My Pathetic Self
This was probably how I developed the characteristic of being a people-pleaser. As a survival mechanism, I thought if I did everything I was told to do, when I was told to do it, I would gain my father’s respect and, thereby, his compassion. Trying to stay two steps ahead of him, I contemplated how he would react to something I did, before I did it. One wrong move, or look, or sigh, and I could be next. By “next”, I mean receive anything from a degrading comment with a look of disgust, a head-shake with grinding teeth, to a full-blown pummeling…and anything in between. It all depended on his mood. Unfortunately, nothing could prepare me because there was no mathematical equation to calculate the cause that would lead to his outbursts. He was a C4 explosive, and there was simply no way of predicting when he would blow up. Unfortunately, I was the “slow” child because instead of running at the first sign of his lit fuse, I stood there, in awe, trying to process what I did to spark the explosion.
The sexual abuse started when I was about 12 years old (I think). I remember my mother tell my father that it “didn’t look right” for him to go into my bedroom at night. I knew it wasn’t right. Neither were the beatings, but I felt helpless to stop both. The details of the abuse are foggy now because I’ve done a lot of work to put it all behind me, and I don’t really care to go back there at this point in my life. With that being said, I’ll spare you the gruesome details, plus I’m sure no one wants to hear it anyway. Let’s just say that it wasn’t something that should have happened to a young girl by the man who was supposed to protect her. As I grew older (I don’t remember my age), I remember that I started telling him “no” when he called me into his bedroom. It’s funny because he wouldn’t push me around like he had in the past, and over time, he just stopped. I really can’t remember exactly when it stopped but I know it was before I started dating, which was when I was out of high school (18 years old).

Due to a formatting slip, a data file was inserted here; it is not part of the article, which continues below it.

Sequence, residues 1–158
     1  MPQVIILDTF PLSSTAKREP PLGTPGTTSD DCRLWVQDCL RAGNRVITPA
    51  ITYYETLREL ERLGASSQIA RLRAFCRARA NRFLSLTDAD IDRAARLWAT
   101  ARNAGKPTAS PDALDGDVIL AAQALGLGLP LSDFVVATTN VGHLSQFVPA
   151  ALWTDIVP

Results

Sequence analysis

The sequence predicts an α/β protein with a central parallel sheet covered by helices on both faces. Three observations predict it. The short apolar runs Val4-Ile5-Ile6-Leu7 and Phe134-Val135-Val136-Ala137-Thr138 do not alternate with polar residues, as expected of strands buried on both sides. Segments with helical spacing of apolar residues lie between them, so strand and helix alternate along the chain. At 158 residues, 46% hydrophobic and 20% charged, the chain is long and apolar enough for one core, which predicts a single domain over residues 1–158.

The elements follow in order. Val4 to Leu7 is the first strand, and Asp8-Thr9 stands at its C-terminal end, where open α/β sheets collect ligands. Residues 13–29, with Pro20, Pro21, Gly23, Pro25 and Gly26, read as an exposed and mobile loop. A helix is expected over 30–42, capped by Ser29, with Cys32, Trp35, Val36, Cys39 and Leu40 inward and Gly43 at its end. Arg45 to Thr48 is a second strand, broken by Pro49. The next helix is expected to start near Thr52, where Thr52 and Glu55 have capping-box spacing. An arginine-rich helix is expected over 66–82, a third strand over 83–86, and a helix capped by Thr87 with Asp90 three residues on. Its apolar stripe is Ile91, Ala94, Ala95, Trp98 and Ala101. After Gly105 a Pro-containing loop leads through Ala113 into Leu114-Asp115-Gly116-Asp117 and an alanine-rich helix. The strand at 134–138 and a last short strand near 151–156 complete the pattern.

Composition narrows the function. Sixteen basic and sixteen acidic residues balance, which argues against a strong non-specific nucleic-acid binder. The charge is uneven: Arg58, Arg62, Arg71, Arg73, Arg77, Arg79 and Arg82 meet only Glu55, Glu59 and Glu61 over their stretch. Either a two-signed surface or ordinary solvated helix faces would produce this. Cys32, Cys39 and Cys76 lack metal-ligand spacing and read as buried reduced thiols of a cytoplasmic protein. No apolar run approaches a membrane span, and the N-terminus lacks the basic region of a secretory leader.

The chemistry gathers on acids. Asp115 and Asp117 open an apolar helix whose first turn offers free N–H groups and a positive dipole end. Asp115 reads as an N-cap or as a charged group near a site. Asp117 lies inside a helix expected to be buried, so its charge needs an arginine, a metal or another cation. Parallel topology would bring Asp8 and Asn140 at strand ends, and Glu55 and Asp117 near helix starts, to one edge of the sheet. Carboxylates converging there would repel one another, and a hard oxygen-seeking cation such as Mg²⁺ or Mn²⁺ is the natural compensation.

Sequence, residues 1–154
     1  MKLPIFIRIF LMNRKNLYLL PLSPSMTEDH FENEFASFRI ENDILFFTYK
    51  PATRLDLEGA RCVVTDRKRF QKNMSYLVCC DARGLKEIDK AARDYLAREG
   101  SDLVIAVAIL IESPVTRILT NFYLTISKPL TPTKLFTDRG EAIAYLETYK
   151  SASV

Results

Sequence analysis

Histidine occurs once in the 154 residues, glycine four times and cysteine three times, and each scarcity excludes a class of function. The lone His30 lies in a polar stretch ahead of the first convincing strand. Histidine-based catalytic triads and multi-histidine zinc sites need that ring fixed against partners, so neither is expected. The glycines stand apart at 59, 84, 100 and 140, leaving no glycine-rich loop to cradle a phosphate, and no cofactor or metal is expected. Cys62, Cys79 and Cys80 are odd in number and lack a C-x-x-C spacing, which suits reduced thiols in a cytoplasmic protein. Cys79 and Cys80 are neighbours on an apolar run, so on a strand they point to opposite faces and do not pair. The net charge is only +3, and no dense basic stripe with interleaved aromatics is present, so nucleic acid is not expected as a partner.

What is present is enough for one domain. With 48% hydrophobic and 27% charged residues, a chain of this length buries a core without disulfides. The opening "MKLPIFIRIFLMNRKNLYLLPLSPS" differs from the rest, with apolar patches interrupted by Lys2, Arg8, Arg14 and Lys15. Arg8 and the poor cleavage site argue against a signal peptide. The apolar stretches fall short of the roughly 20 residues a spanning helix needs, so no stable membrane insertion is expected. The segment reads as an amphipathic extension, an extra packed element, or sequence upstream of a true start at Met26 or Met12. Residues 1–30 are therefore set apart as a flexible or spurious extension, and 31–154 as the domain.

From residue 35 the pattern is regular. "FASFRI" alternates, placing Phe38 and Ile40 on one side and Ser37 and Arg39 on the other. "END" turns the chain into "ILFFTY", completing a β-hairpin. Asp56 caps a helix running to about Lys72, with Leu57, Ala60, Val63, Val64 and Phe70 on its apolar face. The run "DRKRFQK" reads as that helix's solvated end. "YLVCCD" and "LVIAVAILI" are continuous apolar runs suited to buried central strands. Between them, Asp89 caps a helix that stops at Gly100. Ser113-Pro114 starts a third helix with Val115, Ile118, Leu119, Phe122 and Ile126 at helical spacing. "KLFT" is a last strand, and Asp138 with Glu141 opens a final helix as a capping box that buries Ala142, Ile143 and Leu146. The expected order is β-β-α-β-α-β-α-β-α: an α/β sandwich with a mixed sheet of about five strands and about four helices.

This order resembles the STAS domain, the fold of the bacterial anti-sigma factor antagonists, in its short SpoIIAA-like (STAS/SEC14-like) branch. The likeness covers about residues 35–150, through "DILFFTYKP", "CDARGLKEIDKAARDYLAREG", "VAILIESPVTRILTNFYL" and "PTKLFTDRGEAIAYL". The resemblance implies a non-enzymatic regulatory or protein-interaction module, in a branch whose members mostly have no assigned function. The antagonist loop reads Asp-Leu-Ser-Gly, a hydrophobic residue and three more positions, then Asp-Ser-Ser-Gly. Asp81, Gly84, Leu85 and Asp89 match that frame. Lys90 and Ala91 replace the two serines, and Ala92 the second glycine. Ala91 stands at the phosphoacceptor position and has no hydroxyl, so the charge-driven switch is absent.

I also want to mention that I learned in my adult years that statistically three out of every five girls are sexually abused in their lifetime. This was oddly comforting to know because when I sat at a table with five friends, it was possible that three of them have had a similar experience at some point in their lives. It helped me feel like less of a freak. Don’t get me wrong, it’s not right and I wish it didn’t happen to anyone, but we live in an imperfect world filled with imperfect people. If you suspect a child is in danger and needs help please visit www.childhelp.org or call 1-800-4-A-Child.
I finally told my mother about the sexual abuse shortly before my daughter was born (2000). I had been in counseling for several years up until this point and was at a stage in my recovery where I felt comfortable telling my mother about my childhood experience with my father. I had a lot of anger towards my mother that I needed to deal with as well. She was utterly shocked to hear this about her husband, because as I had told you earlier, she was on autopilot and oblivious to what was going on around her. It was all she could do to get through a day. We have had many conversations about the abuse and she has expressed her sorrow for not being able to help me during that time.